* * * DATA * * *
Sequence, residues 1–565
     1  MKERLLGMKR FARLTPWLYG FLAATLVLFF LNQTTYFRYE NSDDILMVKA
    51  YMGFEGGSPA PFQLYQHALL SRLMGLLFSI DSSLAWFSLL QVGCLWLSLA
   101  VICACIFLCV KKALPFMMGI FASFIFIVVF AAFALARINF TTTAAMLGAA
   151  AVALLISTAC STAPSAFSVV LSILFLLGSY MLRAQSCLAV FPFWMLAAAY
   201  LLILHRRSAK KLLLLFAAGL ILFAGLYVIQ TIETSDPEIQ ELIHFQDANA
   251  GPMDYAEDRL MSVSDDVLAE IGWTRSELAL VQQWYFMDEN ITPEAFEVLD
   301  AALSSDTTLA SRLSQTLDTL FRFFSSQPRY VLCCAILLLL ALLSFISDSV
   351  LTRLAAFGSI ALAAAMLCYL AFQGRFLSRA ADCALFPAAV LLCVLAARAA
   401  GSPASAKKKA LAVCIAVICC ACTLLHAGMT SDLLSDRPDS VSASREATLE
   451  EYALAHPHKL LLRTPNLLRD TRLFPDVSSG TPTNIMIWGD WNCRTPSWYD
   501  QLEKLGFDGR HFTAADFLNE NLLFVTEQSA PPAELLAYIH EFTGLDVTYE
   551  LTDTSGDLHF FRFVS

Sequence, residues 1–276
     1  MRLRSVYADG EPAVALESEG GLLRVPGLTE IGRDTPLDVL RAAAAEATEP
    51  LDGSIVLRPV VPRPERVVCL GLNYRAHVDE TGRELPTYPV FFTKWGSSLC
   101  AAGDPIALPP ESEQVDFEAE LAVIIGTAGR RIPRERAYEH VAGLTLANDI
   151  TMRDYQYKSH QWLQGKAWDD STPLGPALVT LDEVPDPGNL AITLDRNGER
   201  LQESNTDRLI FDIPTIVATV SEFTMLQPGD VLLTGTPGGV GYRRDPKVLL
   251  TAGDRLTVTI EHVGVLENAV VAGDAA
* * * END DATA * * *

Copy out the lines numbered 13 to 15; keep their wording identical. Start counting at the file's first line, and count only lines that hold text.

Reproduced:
   551  LTDTSGDLHF FRFVS

Sequence, residues 1–276
     1  MRLRSVYADG EPAVALESEG GLLRVPGLTE IGRDTPLDVL RAAAAEATEP